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  • Writer's picturePaul Cho

An Evening Under the Kiawe Tree: A Tale of Healing and Hope at The House Without A Key


Last Monday, upon landing in Honolulu, Hawaii for our vacation, Esther excitedly exclaimed as we left the airport, "Paul, hurry! We need to get to House Without A Key!" Confused, I asked, "What is that?" Jokingly, I added, "How can we enter a house without a key?"Esther replied, "Come on, Paul, it's a renowned restaurant in the Waikiki area that I booked for our dinner tonight four weeks ago! You will love it! We need to hurry!"



We got into a car and drove to the restaurant, arriving just in time. As we entered, I was immediately struck by a uniquely bent tree in the center of the restaurant, set against the backdrop of a stunning ocean view. Beneath this distinctive tree, people were singing, dancing, and conversing over meals, the ocean providing a beautiful background. I thought, "This place might be more than just a restaurant with a great view."


Then, the server led us to our table. Esther exclaimed, "Paul! This is Table 97 that I reserved!" As I sat down, unaware of its significance, and picked up the menu, I learned that this was the same table Ernest Hemingway and his wife, Martha Gellhorn, had requested during their 1940s visit, offering a view of Diamond Head Mountain.




Then, as we sat enjoying the stunning view of the ocean and Diamond Head, the server brought out our cocktail, Kawehewehe. When I saw the cocktail, I noticed that its colors mirrored exactly the hues of the ocean in front of us. Intrigued, I picked up the menu and read the story behind the drink. I discovered that right next to the restaurant, there was a reef entrance, which the locals call the waters of Kawehewehe, meaning to release and let go. Amazingly, in this specific location, freshwater springs underneath the sand. The locals long ago believed the freshwater represented life, and came here for cleansing rituals for both physical and spiritual healing. I further discovered that the name of Waikiki means 'the sprouting fresh water' in its original language, offering healing and rest to the souls.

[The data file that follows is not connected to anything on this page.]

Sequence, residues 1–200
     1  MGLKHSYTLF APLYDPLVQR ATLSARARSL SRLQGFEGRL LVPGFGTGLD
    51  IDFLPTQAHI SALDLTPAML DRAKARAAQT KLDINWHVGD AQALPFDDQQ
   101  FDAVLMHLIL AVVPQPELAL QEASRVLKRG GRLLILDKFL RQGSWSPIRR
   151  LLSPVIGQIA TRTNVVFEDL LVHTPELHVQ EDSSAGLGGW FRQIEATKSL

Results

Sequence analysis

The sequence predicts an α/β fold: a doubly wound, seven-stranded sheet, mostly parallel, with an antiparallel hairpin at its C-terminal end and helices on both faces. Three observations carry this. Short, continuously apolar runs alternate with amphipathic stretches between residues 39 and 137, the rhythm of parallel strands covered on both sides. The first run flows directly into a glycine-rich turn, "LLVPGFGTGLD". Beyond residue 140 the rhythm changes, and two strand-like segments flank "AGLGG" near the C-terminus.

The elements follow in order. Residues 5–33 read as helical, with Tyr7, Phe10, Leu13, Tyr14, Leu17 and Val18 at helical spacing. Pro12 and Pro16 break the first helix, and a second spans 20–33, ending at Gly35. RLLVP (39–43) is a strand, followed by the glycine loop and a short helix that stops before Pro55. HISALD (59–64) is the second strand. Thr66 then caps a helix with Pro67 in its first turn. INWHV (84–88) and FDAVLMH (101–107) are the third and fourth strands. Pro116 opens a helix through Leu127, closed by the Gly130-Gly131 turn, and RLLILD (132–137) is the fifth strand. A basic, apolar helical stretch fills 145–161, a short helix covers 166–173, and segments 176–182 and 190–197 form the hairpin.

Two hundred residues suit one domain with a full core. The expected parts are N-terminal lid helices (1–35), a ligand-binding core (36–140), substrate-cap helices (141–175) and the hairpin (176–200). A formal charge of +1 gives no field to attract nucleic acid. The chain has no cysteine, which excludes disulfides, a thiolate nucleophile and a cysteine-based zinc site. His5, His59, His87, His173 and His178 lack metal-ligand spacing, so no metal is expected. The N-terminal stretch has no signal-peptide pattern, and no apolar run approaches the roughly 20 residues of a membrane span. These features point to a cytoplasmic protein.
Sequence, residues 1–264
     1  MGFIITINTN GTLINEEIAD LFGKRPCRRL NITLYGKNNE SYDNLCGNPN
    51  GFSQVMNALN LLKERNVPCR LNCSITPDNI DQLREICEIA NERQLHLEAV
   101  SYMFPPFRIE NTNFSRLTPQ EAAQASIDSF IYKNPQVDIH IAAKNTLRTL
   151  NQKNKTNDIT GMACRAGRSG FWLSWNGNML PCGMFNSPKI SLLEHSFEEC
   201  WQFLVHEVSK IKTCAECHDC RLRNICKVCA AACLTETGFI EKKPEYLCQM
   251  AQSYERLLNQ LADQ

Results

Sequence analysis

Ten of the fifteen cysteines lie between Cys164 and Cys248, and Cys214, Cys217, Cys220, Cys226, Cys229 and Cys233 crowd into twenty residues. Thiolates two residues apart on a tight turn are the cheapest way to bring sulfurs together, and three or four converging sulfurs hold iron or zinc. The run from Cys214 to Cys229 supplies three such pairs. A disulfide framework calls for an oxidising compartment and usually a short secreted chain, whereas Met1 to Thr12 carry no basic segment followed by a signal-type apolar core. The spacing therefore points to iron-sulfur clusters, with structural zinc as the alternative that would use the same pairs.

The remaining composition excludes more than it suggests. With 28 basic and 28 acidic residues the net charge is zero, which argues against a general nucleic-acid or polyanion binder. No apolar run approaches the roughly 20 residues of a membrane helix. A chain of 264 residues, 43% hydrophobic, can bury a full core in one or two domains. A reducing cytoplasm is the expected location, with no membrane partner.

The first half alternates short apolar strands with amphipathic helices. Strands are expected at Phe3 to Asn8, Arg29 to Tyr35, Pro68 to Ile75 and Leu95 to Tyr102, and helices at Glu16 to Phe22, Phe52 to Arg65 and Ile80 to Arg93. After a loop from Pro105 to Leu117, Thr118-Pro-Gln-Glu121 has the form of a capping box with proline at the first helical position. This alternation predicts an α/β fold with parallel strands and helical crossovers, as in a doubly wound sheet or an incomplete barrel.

As we were enjoying our cocktails next to the waters of Kawehewehe, I asked the server, "Why does the tree in the middle look like this? It seems the roots and the body of the tree are separated!" She replied, "Yes, it's because the tree fell in 2016, but it's still growing." Intrigued, I read more and discovered that the tree has stood there for centuries, since the beginning of the history of the Halekulani Hotel, where the House Without A Key is located, dating all the way back to the 1880s. Then, I further learned that it was under this Kiawe tree that people came for a time of healing and rest. Famed 20th-century novelist, Earl Derr Biggers, was one of them. He sat under this tree, engaging in conversations and writing his novel, "House Without A Key," the namesake of the restaurant.